New Study: Phthalates Associated With Diabetes in Women

Product Liability Update

Date: August 16, 2012

Overview

Previous studies have examined the reported effects of phthalates on male hormones and reproductive consequences, but a new study published in Environmental Health Perspectives indicates that some phthalates may be linked to higher rates of diabetes in women.1 Given the continued scrutiny on phthalates, it is essential that companies whose products contain them stay at the forefront of the legal and regulatory discussion.

What Are Phthalates?

Ubiquitous in today's society, phthalates comprise a group of chemicals typically used as softeners for plastic products (plasticizers) or as solvents in food packaging, cosmetics, perfumes, nail polishes, flooring, and other industrial and consumer products. Some countries have already put regulations in place, with more on the way to restrict use or require removal of phthalates from consumer products such as children's toys and personal care products. In the United States, federal and state regulations limit and/or prohibit the use of phthalates under certain circumstances, and additional restrictions are under consideration.

Study Results

The new study evaluated possible effects of the following phthalates:

  • Dibutyl phthalates (DBP), used in adhesives and lacquer finishes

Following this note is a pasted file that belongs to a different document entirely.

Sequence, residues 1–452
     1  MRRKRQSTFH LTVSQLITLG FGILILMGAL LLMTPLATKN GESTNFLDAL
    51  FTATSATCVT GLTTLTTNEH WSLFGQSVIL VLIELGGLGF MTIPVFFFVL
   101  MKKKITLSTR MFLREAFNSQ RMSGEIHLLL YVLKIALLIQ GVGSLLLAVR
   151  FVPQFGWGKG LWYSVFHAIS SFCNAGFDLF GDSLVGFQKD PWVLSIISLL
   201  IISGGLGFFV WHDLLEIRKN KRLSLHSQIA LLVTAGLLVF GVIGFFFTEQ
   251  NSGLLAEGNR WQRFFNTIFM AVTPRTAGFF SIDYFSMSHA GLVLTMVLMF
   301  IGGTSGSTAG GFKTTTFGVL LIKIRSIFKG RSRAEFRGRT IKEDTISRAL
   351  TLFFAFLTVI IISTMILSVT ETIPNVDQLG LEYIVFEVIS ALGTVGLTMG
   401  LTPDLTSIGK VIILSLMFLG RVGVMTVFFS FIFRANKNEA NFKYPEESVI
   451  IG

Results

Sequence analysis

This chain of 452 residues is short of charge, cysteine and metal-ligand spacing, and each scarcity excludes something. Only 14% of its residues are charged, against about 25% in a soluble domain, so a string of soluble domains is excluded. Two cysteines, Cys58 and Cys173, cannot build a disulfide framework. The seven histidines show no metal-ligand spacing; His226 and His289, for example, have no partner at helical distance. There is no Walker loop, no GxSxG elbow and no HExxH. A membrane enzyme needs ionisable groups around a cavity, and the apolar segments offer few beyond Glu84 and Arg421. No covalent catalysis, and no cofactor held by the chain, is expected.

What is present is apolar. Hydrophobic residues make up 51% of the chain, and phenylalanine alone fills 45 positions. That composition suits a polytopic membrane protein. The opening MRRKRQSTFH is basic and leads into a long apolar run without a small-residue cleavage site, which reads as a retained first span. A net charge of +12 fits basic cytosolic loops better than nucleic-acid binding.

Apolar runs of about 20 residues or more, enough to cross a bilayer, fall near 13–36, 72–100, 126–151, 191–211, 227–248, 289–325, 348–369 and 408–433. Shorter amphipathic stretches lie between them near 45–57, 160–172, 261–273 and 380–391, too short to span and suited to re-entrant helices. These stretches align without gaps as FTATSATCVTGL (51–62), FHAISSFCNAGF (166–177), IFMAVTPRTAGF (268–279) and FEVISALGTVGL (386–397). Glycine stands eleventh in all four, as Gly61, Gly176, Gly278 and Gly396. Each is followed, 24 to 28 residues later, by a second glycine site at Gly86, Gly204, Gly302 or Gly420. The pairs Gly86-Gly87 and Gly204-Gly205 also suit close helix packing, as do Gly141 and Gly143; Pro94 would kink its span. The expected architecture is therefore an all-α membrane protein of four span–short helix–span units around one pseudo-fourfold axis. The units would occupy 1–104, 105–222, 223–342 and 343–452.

• Benzyl butyl phthalate (BBP), used in vinyl flooring, caulks, and sealants
  • Di-2-ethylhexyl phthalate (DEHP), used in vinyl products, including intravenous (IV) bags and tubing
  • Diethyl phthalate (DEP), used in personal care products

According to the study, DBP and BBP were reported to be linked to double the rate of diabetes in women with the highest levels of phthalate markers in their urine. DBP and DEHP were reported to be linked to higher blood glucose levels and insulin resistance, two common precursors of type 2 diabetes. No relationship was found, however, between DEP and diabetes. The study authors do not make a finding of causation and state that more studies are needed to determine whether phthalate exposure can alter glucose metabolism and increase the risk of insulin resistance and diabetes.

Companies Should Prepare

Keeping a close watch on legislative and regulatory developments, as well as the evolving science involved, is essential. Our Mass & Toxic Tort lawyers monitor all developments in connection with phthalates on a daily basis. We also defend companies in consumer lawsuits and help them identify and develop practical ways to eliminate, reduce, and manage their exposure to claims via prudent strategies. The combination of our product liability claim know-how and our deep familiarity with potential losses and risks helps many companies implement proactive measures before claims can arise.

Footnotes

1See James-Todd T, Stahlhut R, Meeker JD, Powell S-G, Hauser R, et al., 2012 Urinary Phthalate Metabolite Concentrations and Diabetes Among Women in the National Health and Nutrition Examination Survey (NHANES) 2001-2008, Environmental Health Perspectives.